Volumes and Colors for Etourdissant Cartier Exhibition


Last week in Singapore, Cartier presented the second part of its Etourdissant Cartier collection, first unveiled on the Riviera this summer. Consisting of 60 new pieces, the collection is an homage to the jeweler’s love affair with color as well as an exploration in volume.

Coral, Ethiopian and Australian opals, topazes, emerald, rubies, sculptured morganite, amethysts and turquoise, tourmaline de Paraiba, tanzanites, and milky green chrysoprase, the collection is a roll-call of precious and semi-precious stones, with a few very large rocks to satisfy any difficult magpies.

For example, the Adaman necklace features a rare 44.47-carat cushion-shaped Burmese sapphire that Cartier believes was likely extracted from the legendary Mogok mines and this central stone is held in place by a rare natural 20.40-grain button pearl; while the Romanov diamond cuff sports a 197.80-carat cushion-shaped Ceylon sapphire that used to be worn by the Tsarina Maria Feodorovna.

Linking the collection to Cartier’s colorful past is the stunning tutti-frutti Aga necklace. First created in the 1920s, the Tutti Frutti style, which mixed sapphires, emeralds, and rubies, has become one of the French jeweler’s most iconic designs. The tri-color combination of precious stones carved into floral shapes in the Indian tradition was daring for the time and the style has endured over the last century. Cartier’s latest iteration uses onyx to underline the stones and create an additional volume and depth, while providing a technical masterpiece that can be worn in three different ways with the four carved center stones being removable.


Since last Friday, the French jeweler has been presenting the high jewelry, haute horlogeries, and precious object d’art collection to its top international clientele in private viewings, but it is opening the doors of this dazzling exhibition at the Singapore Pinacothèque de Paris to the general public on October 31.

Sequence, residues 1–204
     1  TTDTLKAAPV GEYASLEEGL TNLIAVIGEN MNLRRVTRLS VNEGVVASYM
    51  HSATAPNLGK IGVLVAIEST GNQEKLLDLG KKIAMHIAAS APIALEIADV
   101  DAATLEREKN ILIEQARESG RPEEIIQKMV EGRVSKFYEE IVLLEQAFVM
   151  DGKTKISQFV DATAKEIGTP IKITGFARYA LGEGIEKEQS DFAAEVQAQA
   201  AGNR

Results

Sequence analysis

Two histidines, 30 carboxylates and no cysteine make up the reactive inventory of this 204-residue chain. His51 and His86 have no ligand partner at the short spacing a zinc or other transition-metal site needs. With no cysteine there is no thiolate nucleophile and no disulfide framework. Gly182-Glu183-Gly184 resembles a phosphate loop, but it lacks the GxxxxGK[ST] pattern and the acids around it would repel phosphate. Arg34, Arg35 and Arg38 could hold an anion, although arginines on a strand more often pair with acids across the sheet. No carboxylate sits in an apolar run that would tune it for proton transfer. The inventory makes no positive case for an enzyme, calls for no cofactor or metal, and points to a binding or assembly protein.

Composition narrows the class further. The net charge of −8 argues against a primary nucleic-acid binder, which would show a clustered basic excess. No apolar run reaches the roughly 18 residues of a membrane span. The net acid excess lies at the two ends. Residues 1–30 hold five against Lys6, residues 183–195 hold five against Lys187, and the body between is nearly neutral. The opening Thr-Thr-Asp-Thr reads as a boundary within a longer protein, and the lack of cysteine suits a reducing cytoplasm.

Beyond the new collection, the exhibition is an opportunity to see the craftsmanship of the Maison that continues to revive ancient techniques and contemporize them. For example, the Diamas platinum and diamonds bracelet is a revival of the métier d’art of diamond threading. Here a myriad of briolettes are strung onto specially-developed threads, freeing the stones from a traditional setting and thus allowing them to come to life.




he Cisela necklace features the ancient decorative technique of gold chasing, which was first found on the bronzes of classical Greece where it was used to create a relief pattern on metal. Unlike engraving, chasing does not remove any of the material — instead, using a punch or small hammer, the artisan changes the shape of the metal. The metal must thus be sufficiently malleable to be worked without the application of heat, which is why Cartier has chosen to use softer 20-carat gold instead of 18-carat gold. This necklace was inspired by brooches that were commissioned from the Maison in the 1920s and 1930s.

Amongst these ‘etourdissante’ or dazzling pieces, don’t miss the transformable Etourdissant platinum necklace which features a central 34.96-carat, D-color internally flawless diamond with two rows of assertive geometrical diamond lines formed with platinum beams that can be removed to wear the necklace differently.

as first published on BlouinArtinfo.com